Maksimov Vladimir Emelyanovich (1930 – 1996), the prose writer.
Born December 9 in Leningrad in the family of a peasant, planted in 1933 in prison as a “Trotskyite.” Maximov was homeless, then brought up in the children’s colonies, of which he ran six times.
He graduated from the FZO school (factory-factory training), received the profession of mason. Worked on construction sites; I was looking for diamonds on the Taimyr Peninsula.
From 1952 he worked in the Kuban, where he began to write. The first collection of poems and poems “The Generation on the Clock” was published in 1956.
Maximov declared himself as a writer of the narrative “A Man Is Alive”, printed by K. Paustovsky in the collection “The Tarusa Pages” in 1964. The collection was condemned by criticism, the editor was removed for “political myopia “.
In the 1970s he wrote novels “We Live the Earth” and “Seven Days of Creation”. These novels provoked such a barrage of condemnation that Maksimov was forced to emigrate (1973). In Paris he organized the magazine “Continent”, published in 11 languages. The magazine was conceived... as a publication uniting the forces of resistance to a totalitarian system and ideology, and he fulfilled this role. At different times A. Solzhenitsyn, A. Sinyavsky, A. Sakharov, I. Brodsky and many other representatives of the creative intelligentsia collaborated in it.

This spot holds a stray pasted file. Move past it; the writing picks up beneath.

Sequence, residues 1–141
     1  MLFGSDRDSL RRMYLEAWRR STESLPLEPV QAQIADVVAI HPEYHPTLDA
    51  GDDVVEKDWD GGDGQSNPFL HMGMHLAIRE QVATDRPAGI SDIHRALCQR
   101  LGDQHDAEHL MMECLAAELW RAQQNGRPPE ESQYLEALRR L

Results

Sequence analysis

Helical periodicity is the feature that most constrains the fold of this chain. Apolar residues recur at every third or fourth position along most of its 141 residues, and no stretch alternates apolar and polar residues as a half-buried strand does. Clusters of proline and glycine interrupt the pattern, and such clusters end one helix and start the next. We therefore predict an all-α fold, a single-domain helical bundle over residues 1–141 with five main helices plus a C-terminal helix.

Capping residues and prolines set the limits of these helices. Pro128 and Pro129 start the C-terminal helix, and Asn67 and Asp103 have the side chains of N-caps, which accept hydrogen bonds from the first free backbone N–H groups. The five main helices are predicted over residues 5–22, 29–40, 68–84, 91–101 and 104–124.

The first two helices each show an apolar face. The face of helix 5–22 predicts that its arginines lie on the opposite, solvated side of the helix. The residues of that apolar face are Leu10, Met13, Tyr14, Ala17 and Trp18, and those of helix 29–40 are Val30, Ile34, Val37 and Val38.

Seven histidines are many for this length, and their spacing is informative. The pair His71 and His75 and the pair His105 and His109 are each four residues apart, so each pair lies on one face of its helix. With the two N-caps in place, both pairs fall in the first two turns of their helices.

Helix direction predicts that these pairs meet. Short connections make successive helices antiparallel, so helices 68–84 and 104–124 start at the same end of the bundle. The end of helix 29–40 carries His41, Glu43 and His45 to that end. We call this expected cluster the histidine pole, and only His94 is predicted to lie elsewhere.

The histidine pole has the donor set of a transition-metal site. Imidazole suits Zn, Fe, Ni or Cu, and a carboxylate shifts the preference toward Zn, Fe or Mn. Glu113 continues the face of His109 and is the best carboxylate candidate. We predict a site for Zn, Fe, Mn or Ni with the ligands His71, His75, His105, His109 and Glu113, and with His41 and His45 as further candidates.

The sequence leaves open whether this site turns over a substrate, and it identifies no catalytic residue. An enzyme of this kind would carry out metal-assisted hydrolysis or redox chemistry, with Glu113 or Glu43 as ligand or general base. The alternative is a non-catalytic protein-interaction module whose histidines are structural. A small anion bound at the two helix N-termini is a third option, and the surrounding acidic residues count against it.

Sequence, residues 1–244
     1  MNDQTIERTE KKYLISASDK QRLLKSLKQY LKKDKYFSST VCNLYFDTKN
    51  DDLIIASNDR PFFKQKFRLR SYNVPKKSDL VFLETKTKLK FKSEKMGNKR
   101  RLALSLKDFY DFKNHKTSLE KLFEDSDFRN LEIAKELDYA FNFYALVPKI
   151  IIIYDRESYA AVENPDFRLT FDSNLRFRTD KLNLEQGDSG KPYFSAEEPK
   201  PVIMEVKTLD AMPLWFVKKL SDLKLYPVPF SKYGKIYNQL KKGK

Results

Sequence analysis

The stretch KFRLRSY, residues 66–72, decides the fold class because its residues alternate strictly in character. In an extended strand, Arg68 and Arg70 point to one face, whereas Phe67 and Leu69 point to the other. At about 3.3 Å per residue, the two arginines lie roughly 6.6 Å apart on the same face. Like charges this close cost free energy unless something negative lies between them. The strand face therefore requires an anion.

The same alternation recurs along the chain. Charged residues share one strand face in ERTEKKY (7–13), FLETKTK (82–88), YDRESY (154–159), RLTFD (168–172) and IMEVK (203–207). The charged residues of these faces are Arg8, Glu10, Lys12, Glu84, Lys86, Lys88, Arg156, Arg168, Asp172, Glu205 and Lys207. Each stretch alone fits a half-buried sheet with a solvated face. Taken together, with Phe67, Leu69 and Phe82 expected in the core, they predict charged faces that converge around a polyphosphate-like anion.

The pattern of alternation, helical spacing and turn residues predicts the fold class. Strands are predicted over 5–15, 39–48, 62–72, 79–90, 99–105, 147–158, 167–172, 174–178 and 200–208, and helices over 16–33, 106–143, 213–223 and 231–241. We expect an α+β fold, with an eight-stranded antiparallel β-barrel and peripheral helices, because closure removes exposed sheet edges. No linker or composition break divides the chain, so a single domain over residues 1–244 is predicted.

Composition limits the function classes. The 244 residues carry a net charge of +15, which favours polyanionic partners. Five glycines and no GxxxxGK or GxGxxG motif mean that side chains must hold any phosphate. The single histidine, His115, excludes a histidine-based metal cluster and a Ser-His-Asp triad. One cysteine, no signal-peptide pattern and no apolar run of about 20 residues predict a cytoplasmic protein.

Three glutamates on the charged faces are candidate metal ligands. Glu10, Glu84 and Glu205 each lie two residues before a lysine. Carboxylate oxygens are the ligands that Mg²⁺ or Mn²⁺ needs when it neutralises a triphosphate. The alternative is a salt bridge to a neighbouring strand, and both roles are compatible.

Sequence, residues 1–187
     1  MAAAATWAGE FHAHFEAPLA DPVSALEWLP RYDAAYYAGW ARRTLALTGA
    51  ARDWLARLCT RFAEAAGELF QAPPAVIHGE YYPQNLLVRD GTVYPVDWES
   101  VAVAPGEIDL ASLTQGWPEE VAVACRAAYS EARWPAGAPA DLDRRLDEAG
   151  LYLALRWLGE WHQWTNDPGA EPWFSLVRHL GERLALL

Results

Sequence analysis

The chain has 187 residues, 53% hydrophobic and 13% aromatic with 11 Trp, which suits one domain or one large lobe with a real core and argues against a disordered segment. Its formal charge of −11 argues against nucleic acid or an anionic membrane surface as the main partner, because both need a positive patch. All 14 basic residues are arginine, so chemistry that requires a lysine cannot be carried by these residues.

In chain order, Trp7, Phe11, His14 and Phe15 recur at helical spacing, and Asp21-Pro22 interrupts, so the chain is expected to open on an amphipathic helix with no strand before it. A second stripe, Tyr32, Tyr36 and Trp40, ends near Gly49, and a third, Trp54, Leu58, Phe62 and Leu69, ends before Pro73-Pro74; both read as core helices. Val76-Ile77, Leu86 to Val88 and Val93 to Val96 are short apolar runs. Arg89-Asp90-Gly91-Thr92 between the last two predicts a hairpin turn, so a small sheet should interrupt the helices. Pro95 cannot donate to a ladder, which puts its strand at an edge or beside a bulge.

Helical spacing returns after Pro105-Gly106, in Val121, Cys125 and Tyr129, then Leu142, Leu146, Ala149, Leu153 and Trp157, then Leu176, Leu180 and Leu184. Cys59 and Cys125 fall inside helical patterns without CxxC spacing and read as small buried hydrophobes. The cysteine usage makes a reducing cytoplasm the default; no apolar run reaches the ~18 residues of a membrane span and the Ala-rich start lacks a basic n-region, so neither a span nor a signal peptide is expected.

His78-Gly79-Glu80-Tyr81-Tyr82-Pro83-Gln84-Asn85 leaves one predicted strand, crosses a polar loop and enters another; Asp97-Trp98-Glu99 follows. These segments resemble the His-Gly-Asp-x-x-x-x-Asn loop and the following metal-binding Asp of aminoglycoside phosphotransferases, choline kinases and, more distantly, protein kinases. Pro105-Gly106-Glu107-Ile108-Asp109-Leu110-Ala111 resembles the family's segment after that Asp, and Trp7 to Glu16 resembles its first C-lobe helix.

In the West, Maximov’s novels “The Ark for the Uninvited”, “Quarantine”, “The Saga of Savva”, the publicistic “The Saga of the Rhinoceroses” were published. In the 1990s, Maximov’s novels were republished in Russia, and in 1991 his collected works were published in eight volumes.
In 1992 in the theater. V. Mayakovsky was staged Maximov’s play “Who’s Afraid of Ray Bradbury?”.
In 1990, the writer was returned to Soviet citizenship, which he was deprived after emigrating abroad.
In the last years of his life he often came to Russia and lived in Moscow for a long time, hoping for rapid democratic changes. Reality showed that hopes were premature. In Maximov’s speeches, pessimism and unbelief in the future of Russia were increasingly heard. In 1996, V. Maximov died.
A short biography from the book: Russian writers and poets. A short biographical dictionary. Moscow, 2000.